The theft at the Kunsthal museum is one of the largest in years in the Netherlands, and is a stunning blow for the private Triton Foundation collection, which was being exhibited publicly as a group for the first time.
The collection was on display as part of celebrations surrounding Kunsthal's 20th anniversary.
Police spokeswoman Willemieke Romijn said investigators were reviewing videotapes of the theft, which took place around 3 a.m. local time, and calling for any witnesses to come forward. Police have yet to reveal how the heist took place.
The stolen works were Picasso's 1971 "Harlequin Head"; Monet's 1901 "Waterloo Bridge, London" and "Charing Cross Bridge, London"; Henri Matisse's 1919 "Reading Girl in White and Yellow"; Paul Gauguin's 1898 "Girl in Front of Open Window"; Meyer de Haan's "Self-Portrait," around 1890, and Lucian Freud's 2002 work "Woman with Eyes Closed."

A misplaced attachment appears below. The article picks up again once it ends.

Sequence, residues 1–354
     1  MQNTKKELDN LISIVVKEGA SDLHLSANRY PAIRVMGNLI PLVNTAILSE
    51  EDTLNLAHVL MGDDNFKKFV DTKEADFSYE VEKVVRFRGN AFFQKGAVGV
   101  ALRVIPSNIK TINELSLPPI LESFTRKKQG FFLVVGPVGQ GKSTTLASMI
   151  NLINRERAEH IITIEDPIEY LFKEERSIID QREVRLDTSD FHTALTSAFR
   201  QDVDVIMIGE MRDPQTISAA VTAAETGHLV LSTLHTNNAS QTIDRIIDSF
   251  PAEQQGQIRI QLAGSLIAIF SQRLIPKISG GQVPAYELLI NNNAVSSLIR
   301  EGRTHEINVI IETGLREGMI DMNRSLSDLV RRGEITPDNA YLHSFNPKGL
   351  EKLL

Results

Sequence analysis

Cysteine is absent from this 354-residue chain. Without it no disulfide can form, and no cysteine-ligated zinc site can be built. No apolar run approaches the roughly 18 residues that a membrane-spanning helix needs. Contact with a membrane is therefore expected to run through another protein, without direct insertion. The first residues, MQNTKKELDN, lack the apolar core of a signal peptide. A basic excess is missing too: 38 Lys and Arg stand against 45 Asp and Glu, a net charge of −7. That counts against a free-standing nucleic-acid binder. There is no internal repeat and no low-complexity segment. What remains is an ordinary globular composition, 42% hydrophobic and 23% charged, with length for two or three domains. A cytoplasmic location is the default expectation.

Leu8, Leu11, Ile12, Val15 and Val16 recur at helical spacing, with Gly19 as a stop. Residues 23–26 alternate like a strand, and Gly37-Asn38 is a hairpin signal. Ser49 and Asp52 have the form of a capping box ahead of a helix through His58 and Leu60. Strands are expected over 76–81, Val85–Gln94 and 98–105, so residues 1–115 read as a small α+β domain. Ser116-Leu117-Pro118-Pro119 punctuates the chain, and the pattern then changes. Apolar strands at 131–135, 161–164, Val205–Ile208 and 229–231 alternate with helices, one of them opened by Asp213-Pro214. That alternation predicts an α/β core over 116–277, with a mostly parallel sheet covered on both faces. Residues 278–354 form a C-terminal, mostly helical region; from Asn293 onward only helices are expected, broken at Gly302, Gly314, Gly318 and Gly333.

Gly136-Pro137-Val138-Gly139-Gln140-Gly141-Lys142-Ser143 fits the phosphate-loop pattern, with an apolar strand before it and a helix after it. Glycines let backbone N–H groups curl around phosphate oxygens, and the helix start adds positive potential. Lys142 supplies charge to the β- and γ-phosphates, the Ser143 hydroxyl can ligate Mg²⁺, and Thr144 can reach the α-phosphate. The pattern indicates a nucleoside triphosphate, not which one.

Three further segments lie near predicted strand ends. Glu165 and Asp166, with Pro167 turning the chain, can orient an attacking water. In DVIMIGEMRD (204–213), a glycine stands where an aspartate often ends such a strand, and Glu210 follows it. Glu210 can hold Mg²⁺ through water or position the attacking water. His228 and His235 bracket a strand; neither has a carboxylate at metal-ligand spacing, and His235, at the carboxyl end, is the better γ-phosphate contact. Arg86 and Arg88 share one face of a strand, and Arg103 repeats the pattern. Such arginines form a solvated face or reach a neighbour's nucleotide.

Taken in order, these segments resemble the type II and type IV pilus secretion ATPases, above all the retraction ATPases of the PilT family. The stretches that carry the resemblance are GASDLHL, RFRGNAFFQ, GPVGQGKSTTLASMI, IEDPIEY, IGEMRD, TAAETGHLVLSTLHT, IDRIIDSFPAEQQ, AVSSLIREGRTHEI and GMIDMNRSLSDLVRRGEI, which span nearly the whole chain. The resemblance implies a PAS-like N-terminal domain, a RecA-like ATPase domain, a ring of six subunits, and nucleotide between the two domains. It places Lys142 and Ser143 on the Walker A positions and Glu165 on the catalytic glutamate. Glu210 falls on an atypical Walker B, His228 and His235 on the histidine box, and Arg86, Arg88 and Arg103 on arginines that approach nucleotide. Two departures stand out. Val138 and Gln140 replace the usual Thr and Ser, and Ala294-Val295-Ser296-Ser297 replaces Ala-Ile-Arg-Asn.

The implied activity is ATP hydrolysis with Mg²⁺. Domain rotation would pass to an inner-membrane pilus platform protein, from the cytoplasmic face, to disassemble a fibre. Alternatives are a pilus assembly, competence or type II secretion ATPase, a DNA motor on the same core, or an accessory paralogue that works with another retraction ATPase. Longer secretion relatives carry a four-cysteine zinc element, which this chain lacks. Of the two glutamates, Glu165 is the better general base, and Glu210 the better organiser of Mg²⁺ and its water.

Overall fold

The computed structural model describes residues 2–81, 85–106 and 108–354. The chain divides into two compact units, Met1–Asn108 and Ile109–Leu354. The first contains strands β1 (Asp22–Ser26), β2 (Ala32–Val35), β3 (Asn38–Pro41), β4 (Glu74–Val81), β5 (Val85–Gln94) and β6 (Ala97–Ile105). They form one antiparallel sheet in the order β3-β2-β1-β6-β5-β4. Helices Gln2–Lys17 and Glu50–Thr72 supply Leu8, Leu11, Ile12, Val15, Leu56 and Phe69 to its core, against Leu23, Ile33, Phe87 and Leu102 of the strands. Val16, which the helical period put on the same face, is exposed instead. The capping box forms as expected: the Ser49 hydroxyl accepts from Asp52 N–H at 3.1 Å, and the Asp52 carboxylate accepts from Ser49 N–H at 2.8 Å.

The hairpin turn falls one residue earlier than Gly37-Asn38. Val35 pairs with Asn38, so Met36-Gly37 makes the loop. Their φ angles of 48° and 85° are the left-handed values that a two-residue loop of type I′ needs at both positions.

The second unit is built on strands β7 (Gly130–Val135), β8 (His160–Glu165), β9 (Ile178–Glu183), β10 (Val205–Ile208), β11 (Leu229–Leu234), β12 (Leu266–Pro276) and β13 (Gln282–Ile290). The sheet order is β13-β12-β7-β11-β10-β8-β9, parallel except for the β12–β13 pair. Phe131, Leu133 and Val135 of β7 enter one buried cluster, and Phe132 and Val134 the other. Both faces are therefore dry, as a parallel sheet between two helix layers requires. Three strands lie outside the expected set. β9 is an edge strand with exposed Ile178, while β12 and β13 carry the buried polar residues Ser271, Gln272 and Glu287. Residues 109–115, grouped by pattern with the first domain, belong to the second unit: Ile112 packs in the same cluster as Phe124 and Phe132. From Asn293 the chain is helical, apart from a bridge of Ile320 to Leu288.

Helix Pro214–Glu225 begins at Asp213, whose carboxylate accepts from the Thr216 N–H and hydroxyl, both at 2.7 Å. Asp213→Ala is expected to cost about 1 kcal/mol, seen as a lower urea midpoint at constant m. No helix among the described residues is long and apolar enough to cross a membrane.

Mariette Maaskant of the Kunsthal museum said the paintings taken were of "considerable value." Independent experts said the works were clearly worth millions of dollars but would be impossible to sell on the open market.
The Triton Foundation is a collection of avant-garde art put together by multimillionaire Willem Cordia, an investor and businessman, and his wife, Marijke Cordia-Van der Laan.
The Kunsthal museum is a display space that has no permanent collection of its own — the name means "art gallery" in Dutch.
Curators of the Cordia family collection aim to have the works on display for the public, and pieces have been shown in the past.
The museum is closed Tuesday due to the police investigation.